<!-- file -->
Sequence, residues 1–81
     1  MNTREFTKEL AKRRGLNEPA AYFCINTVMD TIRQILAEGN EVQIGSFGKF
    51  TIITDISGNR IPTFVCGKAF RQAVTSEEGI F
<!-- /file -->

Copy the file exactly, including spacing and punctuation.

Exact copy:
Sequence, residues 1–81
     1  MNTREFTKEL AKRRGLNEPA AYFCINTVMD TIRQILAEGN EVQIGSFGKF
    51  TIITDISGNR IPTFVCGKAF RQAVTSEEGI F